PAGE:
Getting the Job You Want After 50 For Dummies
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If you are seeking a job after 50, you need to show you are adaptable, especially in the interview. Virtual interviews are rapidly becoming more commonplace, according to a survey by OfficeTeam, a temporary staffing services firm. Six in ten of the 500 human resource managers interviewed said their company often conducts employment interviews via video, up from 14 percent in 2011.

Video interviews involve talking live with an interviewer via Skype or other videoconferencing technology or video-recording responses to questions from a recorded interviewer.

These tips can help you become comfortable with these interview formats and ace your interview:

  • Check your equipment. You’ll need a dependable Internet connection, a webcam, and a microphone. If possible, use an Ethernet cable to connect to the Internet and turn off Wi-Fi, so your connection is faster and more reliable.

  • Perform a background check. Look at what will appear behind you. If it’s a clutter-fest with file folders and paper piles, or even personal items such as pictures from your vacation, do a clean sweep. Having a painting, bookcase, or attractive plant in the background is best, but make sure the painting and books are tasteful.

  • Adjust the lighting. You want soft light illuminating your face. Think of those klieg lights that shine on television anchors’ faces. If your room has a window, face it, or put a lamp on the desk in front of you. Avoid backlit scenarios that put you in a shadow and glaring front-lighting that makes you squint.

  • Experiment with the interview platform. If it’s a live video interview, you may need to download the application software and set up an account. If it’s a pre-recorded interviewer, you’ll receive instructions ahead of time about what’s needed to participate.

  • Reboot your computer. Rebooting ensures that you’re not running applications that may interrupt the interview. If you have applications set up to automatically run whenever you start your computer, exit those applications.

  • Adjust your webcam and chair. Adjust your camera and chair so you’re in the middle (horizontally) and the top of your head is near the top of the screen. You should be looking up slightly at the camera, a position that helps define your chin and subtly conveys a message of strength and confidence.

  • Do a dry run. Practice with a friend or family member on the platform you’ll be using or something similar. With Skype, you can record it to review. This also helps with figuring out just how loud you need to talk and how to position your webcam.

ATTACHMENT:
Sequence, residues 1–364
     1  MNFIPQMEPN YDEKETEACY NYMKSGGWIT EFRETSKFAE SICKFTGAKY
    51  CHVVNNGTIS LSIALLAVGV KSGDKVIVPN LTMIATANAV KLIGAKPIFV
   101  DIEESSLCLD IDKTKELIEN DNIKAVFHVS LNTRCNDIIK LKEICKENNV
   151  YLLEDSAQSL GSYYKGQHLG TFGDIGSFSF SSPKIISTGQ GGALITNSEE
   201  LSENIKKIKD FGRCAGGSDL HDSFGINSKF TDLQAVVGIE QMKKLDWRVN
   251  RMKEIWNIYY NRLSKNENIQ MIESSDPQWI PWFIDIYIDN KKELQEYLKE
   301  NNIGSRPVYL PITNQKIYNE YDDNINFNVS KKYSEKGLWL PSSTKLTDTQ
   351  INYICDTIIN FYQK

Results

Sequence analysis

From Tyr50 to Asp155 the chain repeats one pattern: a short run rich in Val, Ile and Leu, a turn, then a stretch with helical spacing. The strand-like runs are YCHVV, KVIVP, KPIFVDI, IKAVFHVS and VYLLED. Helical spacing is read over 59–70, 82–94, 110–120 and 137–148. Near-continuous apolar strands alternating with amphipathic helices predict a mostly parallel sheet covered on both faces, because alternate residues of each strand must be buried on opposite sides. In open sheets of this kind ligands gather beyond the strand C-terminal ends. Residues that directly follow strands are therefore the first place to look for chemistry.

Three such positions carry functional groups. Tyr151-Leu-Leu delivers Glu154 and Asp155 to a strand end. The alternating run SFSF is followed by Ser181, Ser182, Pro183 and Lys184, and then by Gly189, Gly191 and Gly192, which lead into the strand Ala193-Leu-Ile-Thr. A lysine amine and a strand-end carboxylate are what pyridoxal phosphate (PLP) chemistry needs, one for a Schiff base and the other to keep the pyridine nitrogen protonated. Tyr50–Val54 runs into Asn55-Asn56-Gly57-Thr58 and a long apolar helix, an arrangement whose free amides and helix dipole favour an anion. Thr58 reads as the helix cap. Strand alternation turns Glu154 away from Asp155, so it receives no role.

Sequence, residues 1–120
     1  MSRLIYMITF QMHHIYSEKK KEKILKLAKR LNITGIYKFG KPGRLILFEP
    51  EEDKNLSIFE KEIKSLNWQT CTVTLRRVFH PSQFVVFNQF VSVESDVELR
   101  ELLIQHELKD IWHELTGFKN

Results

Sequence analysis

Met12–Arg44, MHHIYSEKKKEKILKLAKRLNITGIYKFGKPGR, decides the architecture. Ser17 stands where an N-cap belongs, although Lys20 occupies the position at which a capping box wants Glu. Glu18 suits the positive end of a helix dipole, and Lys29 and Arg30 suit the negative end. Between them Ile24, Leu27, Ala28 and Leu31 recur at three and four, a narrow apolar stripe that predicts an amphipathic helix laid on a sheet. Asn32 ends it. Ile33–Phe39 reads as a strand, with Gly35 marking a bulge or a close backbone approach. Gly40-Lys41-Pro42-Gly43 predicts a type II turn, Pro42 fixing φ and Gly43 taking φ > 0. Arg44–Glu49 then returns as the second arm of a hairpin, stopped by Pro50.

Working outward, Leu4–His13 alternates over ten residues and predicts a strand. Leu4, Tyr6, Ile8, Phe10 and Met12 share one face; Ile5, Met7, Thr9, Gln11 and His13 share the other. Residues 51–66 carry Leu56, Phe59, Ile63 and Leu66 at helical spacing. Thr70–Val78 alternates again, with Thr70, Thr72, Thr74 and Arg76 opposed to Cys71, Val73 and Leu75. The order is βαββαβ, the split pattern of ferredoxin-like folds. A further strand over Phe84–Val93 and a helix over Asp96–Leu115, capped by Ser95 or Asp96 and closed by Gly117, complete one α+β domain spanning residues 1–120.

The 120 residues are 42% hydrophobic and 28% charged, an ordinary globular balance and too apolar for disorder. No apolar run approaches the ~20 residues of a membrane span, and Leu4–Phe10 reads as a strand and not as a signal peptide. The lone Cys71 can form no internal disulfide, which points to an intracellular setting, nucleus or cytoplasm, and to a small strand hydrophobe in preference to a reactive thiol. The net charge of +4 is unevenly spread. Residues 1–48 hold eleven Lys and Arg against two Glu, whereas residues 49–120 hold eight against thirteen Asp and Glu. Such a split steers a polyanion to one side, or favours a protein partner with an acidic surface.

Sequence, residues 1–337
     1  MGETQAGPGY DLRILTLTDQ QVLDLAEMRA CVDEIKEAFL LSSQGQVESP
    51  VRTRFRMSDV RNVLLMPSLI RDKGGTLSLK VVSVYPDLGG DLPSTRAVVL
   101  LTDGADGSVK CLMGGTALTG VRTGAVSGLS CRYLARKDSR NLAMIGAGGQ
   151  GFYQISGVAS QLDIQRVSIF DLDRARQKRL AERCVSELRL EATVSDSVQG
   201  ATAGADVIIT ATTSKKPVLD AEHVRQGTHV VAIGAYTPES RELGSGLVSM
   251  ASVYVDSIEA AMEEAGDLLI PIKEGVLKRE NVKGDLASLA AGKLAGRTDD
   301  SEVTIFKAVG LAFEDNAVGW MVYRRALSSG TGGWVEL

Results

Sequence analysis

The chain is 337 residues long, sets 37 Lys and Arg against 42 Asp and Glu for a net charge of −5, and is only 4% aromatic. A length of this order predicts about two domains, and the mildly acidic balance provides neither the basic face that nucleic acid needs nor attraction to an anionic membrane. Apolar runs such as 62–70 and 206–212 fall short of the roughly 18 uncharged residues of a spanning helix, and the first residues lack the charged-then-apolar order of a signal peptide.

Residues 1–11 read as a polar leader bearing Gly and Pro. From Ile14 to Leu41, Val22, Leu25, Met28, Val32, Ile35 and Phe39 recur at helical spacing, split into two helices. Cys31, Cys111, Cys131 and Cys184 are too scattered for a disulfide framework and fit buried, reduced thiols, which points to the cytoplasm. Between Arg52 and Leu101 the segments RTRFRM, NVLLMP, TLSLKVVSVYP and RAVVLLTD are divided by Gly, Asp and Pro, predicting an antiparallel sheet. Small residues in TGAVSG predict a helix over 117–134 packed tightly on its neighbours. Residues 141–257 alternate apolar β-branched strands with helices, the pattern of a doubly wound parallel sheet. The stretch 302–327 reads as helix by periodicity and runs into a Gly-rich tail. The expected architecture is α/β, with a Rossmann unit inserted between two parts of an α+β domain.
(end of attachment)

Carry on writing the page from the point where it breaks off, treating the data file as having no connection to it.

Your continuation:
• Dress for an in-person interview. Solid colors are best. Avoid white. Don’t forget some makeup, even if you’re a guy. It takes the shine off your skin.

  • Have a cheat sheet. Sticky notes on your screen can remind you of talking points you want to be sure to highlight about your experience and why you’re a good fit for the job as well as questions about the firm and the position. Have your résumé and the job description handy, too.

  • Try your best to look into the camera when talking. You’ll be tempted to look at yourself or the interviewers on the screen, instead, but doing so breaks eye contact with the interviewers. Remember, their eyes are the camera.

  • Smile when appropriate. Smiling provides a big boost for your video presence and energizes the interview. Try warming up ahead of time by thinking of something funny to make you laugh, or grinning at yourself in a mirror to loosen up your facial muscles. Smile especially during the meet and greet.

  • Moderate your body language. Breathe deeply and slowly and relax. Keep your shoulders back and your hands quiet. No hair spinning around your pinky, lip chewing, squinting your eyes, or overblinking.

  • Raise technical issues, if necessary. If something goes awry — say, your Internet connection blips out, or you’re having trouble with your computer’s camera or microphone — speak up. If it happens during a taped interview, just abort and contact the recruiter to explain and reschedule.

  • Say thanks. End your interview by saying, “Thank you for considering me for the job. I look forward to hearing from you.” Smile, and continue eyeing the camera until the recording or interview stops.

About This Article

This article is from the book:

About the book author:

Kerry Hannon ( is a nationally recognized authority on career transitions and retirement, a frequent TV and radio commentator, and author of numerous books, including Love Your Job (Wiley/AARP), What's Next? (Berkley Trade/AARP), and Great Jobs for Everyone 50+ (Wiley/AARP). Hannon is AARP's Jobs Expert and a regular contributor to The New York Times, Forbes, and Money magazine.

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